Once again, Larry Ellison illustrates his knack for understanding megatrends.
Oracle (NASDAQ:ORCL) just announced that it will shell out $2 billion for Acme Packet (NASDAQ:APKT), a developer of technology to improve the transmission of data across the Internet. The deal represents a 22% premium to APKT’s closing price around $16 on Friday.
It also sparked rumors that the sector could be poised for more consolidation, leading to varying gains among Sonus (NASDAQ:SONS), Procera Networks (NASDAQ:PKT) and BroadSoft (NASDAQ:BSFT). And that’s not an unreasonable thought.
Oracle has had a good sense of timing throughout the years. Since 2005, it has acquired more than 70 companies amounting to over $40 billion. Ellison, Oracle’s CEO, realized early on that he could buy assets on the cheap to get substantial cost efficiencies, plus he has potential leverage with the company’s core database business, which has been a reliable cash generator.
ORCL stock was down 3% midday Monday, but shares still have advanced roughly 7% year-to-date and set all-time highs to end last week. So is this the end of the momentum, or just a hiccup?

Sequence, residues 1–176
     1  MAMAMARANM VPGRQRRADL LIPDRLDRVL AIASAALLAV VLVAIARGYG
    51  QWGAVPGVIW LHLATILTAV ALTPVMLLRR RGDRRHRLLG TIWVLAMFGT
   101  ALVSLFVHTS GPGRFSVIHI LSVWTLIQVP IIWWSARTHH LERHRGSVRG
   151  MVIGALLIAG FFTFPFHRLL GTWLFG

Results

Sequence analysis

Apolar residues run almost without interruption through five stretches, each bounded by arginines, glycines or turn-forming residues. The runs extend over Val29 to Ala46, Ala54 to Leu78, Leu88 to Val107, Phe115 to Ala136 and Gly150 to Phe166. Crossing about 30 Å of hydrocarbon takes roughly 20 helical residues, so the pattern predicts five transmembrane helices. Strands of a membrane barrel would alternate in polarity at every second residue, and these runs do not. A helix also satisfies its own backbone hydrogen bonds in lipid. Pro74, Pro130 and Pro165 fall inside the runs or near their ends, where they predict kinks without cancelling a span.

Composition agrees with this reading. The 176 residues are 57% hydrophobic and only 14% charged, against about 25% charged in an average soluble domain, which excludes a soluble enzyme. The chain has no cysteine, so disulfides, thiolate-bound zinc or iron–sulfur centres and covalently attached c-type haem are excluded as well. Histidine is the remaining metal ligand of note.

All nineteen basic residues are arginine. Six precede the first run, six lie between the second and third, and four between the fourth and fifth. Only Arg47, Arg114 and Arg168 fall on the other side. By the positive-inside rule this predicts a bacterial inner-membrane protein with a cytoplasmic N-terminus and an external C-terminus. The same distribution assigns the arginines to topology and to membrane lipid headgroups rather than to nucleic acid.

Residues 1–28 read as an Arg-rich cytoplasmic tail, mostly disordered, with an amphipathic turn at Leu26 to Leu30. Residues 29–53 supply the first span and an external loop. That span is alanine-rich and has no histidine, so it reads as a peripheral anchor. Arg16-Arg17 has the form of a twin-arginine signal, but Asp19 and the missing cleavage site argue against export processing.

Again, the Acme deal shows how in tune Ellison is with megatrends. Acme Packet’s network technology is important for allowing quick access of mobile information — such as with video — which is becoming critical for enterprises. The deal also is consistent with previous Ellison deals for other cloud-based companies, including Eloqua, Taleo and RightNow, which provide critical enterprise functions like marketing, HR and customer support.
Oracle does face tough competitors like Workday (NYSE:WDAY), but the acquisitions have helped ORCL keep pace. Plus, the company knows how to cross-sell its massive customer base.
Another issue for Oracle is the general slowdown in IT spending, most recently evidenced by VMware (NYSE:VMW), which recently warned about its prospects, noting that both Europe and the U.S. remain weak.
However, Oracle should still be able to move forward, primarily because of its broad portfolio of technologies; customers can better integrate on top of Oracle’s platform. Also, ORCL tends to focus on products higher up the priority list with customers (for instance, most companies don’t want to rip out their databases).
As should be no surprise, Oracle’s shares are not cheap at 17 times earnings. The stock’s Monday pullback is a start, but considering Oracle has had a history of retreats, investors would best be served by waiting for even more of a discount before trying to move in.
Tom Taulli runs the InvestorPlace blog IPO Playbook, a site dedicated to the hottest news and rumors about initial public offerings. He is also the author of “How to Create the Next Facebook” and “High-Profit IPO Strategies: Finding Breakout IPOs for Investors and Traders.” Follow him on Twitter at @ttaulli. As of this writing, he did not hold a position in any of the aforementioned securities.